22 13,996 1,380
Cisplatin-based chemotherapy: Add high-frequency audiometry in the regimen
R Arora, JS Thakur, RK Azad, NK Mohindroo, DR Sharma, RK Seam
October-December 2009, 46(4):311-317
DOI:10.4103/0019-509X.55551  PMID:19749461
Background : Cisplatin-induced ototoxicity shows high interindividual variability and is often accompanied by transient or permanent tinnitus. It is not possible to identify the susceptible individuals before commencement of the treatment. We conducted a prospective, randomized and observational study in a tertiary care centre and evaluated the effects of different doses of cisplatin on hearing. Materials and Methods : Fifty-seven patients scheduled for cisplatin-based chemotherapy were included in the study. All patients were divided into three groups depending on the dose of cisplatin infused in 3 weeks. Results : The subjective hearing loss was found in seven patients, while six patients had tinnitus during the chemotherapy. The hearing loss was sensorineural, dose dependent, symmetrical, bilateral and irreversible. Higher frequencies were first to be affected in cisplatin chemotherapy. Conclusion : As use of high-frequency audiometry is still limited in research work only, we need a strict protocol of adding high-frequency audiometry in the cisplatin-based chemotherapy regimen.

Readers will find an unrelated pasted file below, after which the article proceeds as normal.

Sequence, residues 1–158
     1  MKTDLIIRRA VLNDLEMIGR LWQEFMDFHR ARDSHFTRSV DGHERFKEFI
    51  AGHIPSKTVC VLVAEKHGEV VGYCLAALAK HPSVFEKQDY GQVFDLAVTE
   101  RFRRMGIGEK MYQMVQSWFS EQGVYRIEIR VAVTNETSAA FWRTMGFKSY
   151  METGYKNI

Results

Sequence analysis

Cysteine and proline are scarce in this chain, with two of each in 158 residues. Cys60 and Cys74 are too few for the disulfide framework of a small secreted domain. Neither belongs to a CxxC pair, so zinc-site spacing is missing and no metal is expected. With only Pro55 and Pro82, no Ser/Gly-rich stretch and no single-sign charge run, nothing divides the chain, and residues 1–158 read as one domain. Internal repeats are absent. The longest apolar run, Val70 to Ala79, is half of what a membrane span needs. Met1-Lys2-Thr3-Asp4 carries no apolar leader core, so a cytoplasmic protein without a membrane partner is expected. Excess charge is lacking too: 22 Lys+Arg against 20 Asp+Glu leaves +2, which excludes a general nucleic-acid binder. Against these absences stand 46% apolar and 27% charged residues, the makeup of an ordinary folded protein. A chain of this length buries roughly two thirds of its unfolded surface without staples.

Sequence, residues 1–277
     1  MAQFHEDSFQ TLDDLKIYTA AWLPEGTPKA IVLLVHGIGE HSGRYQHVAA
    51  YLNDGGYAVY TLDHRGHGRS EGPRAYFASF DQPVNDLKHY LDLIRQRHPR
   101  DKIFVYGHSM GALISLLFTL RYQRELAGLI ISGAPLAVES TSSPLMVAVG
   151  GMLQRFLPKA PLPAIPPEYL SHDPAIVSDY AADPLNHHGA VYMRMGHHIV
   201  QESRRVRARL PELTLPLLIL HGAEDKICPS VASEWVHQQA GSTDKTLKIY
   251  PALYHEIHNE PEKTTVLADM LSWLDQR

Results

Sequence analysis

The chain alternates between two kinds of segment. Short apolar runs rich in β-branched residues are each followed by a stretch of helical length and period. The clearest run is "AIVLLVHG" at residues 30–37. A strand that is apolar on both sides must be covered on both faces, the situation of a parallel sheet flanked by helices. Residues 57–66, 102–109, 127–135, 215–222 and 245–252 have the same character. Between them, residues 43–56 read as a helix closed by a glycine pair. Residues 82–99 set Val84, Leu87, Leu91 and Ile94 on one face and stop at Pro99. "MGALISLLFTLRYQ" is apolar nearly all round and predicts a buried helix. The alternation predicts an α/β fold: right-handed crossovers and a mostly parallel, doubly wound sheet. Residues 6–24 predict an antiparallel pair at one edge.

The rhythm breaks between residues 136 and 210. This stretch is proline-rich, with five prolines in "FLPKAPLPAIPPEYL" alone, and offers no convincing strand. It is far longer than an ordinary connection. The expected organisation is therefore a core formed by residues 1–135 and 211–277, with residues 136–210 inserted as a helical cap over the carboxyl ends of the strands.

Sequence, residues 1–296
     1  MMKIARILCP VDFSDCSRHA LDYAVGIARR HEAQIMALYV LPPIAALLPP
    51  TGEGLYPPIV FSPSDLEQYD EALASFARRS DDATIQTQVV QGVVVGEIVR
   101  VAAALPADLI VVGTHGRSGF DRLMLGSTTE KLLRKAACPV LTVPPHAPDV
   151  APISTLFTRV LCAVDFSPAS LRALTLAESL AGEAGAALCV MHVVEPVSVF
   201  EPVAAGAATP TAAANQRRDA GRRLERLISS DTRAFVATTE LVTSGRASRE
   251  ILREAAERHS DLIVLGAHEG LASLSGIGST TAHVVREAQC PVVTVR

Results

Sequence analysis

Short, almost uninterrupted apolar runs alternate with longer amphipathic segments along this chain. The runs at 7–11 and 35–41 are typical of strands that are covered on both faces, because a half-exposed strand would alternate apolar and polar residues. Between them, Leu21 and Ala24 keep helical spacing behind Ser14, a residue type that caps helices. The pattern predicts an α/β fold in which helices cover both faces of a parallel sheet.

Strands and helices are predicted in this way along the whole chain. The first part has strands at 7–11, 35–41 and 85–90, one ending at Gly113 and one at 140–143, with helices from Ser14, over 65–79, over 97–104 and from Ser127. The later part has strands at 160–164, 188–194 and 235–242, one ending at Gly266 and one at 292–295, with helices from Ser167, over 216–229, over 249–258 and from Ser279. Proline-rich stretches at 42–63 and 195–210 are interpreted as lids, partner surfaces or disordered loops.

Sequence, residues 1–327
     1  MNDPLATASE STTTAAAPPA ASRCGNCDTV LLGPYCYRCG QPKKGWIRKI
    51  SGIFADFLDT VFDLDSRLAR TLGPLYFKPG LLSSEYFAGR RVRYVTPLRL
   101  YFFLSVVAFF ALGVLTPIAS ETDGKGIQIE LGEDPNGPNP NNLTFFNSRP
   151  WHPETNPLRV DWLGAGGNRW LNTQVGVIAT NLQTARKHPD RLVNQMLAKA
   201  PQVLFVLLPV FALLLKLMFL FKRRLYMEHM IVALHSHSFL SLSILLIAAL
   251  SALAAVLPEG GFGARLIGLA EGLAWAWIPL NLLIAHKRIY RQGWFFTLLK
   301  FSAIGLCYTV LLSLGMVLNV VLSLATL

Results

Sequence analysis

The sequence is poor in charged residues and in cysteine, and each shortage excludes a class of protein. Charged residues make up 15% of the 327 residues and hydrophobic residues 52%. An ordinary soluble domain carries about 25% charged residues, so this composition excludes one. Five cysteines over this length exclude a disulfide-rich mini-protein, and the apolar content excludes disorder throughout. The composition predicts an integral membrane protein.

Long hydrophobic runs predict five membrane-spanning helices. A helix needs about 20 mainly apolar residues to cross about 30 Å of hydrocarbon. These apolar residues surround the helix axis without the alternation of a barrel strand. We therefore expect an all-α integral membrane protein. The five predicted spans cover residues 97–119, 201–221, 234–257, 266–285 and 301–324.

16 6,078 829
Mechanical lymphatic drainage in the treatment of arm lymphedema
Newton Antonio Bordin, Maria de Fatima Guerreiro Godoy, Jose Maria Pereira de Godoy
October-December 2009, 46(4):337-339
DOI:10.4103/0019-509X.55556  PMID:19749466